Reviews Morne Shadows



Since their split with Warprayer and their debut album Untold Wait there were no illusions that the band from Boston was onto something truly great. Now, two years after the release of their sophomore full-length, Asylum, Morne strike back with their latest sonic compilation with the band’s only purpose being to drag us into the depths of sorrow and misery where not a smidge of hope can be found. Shadows is the album that Morne had promised us since they first started out. An immense record, full of heavy tracks, sorrowful melodies and desolate emotions painting the soundscape that the band calls forth with the five constructs found in the album.

The descent into the abyss starts straight away with the opening riff to the “Coming of Winter” unleashing tons of sludgy riffs before it takes, what can only be described as, a more epic turn. The album already seems quite dark and menacing passing a dystopian feeling to the listener. That is with the exclusion of the guitars. That is what works so well in this album, while Morne are set into crafting a dark and terrible ambiance for their album, aided by their cold riffology and their towering presence, they still are letting loose melodic leads (still with a mournful aura to them). For instance the ethereal melodies that Morne are able to build inside the dreamlike state of the title track shows definite signs of brilliance. The track itself is a merging between the light and the dark side of the band, starting off with subtle melodies that are soon invaded by the heavier riffs while the vocals are roaring. The effects aid the transition into the core of Morne’s music with the guitars giving a heart tearing lead about six minutes. 

The ability of the band to come up with melodic leads is truly uncanny. For instance about four minutes into “A Distance,” Morne make way for their sorrowful guitar parts in an attempt to crush your very soul. When you also take into consideration the whole approach of the band to this track, kicking it off in an almost post metal manner and slowly building anticipation for what would come next, you can only remain speechless and in awe of the band’s spine tingling visions. Of similar vibe is the drenched-into-melancholy “New Dawn.” After a beautiful intro, which shows an almost compassionate side of the band, with clean guitar bits and great vocal delivery on top of the imposing rhythm section created by the drums and bass. The destructive leads and the sorrowful melodies collide head on about a couple of minutes into the track, leaving you with a bitter taste, while mesmerizing melodies reach their peak revealing the whole range of the band’s emotional spectrum.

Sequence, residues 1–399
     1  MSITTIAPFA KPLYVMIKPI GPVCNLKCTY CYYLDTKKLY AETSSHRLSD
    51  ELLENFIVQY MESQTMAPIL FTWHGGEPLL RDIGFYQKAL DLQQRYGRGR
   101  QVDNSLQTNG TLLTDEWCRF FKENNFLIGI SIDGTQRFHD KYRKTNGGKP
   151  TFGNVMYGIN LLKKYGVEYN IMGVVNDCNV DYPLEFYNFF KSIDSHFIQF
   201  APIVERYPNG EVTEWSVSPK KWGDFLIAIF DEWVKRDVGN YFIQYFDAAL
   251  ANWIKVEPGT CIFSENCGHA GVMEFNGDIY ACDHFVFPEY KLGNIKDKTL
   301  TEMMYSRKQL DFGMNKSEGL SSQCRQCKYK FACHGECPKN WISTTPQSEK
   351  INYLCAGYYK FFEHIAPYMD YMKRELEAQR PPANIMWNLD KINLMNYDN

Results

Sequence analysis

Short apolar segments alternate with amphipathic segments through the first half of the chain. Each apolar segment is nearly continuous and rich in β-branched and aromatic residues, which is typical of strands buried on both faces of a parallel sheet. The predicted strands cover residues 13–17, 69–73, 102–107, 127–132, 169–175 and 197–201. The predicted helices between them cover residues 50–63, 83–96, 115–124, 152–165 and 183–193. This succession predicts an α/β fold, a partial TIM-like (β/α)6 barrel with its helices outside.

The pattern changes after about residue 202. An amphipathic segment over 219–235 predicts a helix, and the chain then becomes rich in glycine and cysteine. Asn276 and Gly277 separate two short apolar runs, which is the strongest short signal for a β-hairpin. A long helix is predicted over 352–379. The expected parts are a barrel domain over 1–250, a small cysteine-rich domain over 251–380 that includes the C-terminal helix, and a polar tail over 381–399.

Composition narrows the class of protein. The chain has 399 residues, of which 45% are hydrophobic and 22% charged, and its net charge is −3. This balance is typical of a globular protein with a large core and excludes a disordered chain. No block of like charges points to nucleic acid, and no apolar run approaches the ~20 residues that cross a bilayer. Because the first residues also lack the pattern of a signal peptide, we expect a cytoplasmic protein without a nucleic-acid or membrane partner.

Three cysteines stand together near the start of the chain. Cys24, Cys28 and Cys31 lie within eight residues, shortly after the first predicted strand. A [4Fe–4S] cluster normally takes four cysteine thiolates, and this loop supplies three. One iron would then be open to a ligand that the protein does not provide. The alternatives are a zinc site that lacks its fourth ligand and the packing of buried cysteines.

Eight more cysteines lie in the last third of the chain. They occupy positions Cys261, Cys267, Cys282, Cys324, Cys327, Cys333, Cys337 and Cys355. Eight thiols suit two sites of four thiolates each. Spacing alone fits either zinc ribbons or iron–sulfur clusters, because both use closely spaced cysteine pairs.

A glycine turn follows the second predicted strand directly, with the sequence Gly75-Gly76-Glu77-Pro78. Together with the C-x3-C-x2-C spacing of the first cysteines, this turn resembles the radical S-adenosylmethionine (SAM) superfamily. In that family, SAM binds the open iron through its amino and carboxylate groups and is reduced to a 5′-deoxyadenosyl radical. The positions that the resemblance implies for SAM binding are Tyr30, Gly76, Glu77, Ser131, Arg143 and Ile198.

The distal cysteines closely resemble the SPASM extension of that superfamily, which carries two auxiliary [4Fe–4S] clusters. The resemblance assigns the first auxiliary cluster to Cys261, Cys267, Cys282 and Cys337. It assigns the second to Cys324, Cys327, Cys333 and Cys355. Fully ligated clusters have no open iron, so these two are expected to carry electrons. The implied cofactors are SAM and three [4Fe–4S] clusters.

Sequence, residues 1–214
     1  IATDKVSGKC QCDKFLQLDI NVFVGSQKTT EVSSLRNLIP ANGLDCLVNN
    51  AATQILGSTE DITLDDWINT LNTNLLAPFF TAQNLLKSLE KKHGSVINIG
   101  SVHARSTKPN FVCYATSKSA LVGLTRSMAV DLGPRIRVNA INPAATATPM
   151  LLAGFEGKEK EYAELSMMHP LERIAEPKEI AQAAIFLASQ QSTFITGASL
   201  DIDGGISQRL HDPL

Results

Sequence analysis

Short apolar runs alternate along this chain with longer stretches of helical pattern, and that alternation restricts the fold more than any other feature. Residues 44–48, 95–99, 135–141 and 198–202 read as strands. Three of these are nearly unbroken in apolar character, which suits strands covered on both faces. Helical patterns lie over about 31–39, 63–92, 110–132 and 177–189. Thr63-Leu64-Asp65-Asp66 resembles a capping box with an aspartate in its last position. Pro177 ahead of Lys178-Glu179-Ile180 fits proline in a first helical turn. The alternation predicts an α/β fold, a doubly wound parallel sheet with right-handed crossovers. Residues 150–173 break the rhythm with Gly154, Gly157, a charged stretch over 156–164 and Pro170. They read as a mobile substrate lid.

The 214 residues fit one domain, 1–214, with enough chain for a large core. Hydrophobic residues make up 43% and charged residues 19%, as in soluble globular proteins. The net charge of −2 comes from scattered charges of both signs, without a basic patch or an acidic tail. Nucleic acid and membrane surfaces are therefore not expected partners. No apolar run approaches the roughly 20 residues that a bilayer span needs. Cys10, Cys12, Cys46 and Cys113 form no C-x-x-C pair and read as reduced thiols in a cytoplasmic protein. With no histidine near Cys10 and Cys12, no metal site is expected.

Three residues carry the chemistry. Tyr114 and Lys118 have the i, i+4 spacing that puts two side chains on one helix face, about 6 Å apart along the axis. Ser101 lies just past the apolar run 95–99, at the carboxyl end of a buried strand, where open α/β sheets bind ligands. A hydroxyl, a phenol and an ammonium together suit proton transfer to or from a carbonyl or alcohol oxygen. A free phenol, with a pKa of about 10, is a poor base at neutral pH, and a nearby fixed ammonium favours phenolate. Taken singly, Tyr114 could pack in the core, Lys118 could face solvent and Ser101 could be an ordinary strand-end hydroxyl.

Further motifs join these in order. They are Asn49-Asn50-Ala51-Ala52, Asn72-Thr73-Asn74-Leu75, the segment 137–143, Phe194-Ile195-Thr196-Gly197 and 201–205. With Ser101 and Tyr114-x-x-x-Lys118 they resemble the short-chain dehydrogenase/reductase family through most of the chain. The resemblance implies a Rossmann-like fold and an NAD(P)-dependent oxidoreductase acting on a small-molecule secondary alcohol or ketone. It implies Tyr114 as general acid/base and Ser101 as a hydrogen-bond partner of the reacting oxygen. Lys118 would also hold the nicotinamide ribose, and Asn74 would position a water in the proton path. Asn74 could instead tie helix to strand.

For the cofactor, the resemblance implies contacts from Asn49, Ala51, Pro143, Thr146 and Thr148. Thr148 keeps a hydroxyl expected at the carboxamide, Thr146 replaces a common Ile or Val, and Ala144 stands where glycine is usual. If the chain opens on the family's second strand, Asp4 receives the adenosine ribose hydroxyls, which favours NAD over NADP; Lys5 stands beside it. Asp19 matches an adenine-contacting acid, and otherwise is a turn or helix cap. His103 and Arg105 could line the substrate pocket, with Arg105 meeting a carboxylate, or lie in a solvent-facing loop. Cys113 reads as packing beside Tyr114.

Clearly the band also finds suitable moments to unleash all the fury that builds up in their songs. The second half of “A Distance” is a clear example of that, with Morne leaving behind their melodies and unleashing an uncompromising attack on all directions. But the sheer level of extremity that the band can reach reveals itself in all its glory in the instrumental closing track of the album, “Throes.” After about the five minutes of the ambient intro, the drums come in to set the beat, sounding huge in the process. The guitars are then introduced, first in the form of feedback before they set down all their weight, while the leads in this case are sounding more disturbing than melodic. The heavy, destructive nature of the song combined with its slow pace leaves nothing standing in its way.

Morne have really managed to find a place between doom metal, sludge and post. Shadows is a dark offering, the devastating journey through its five stages will bring you down to your lowest point and while you are lying there helpless, Morne will kick you in the gut. And the funny thing is you will thank them for that. Seasons might change, but in this case only winter remains.

9.5 / 10Spyros Stasis
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9.5 / 10

9.5 / 10

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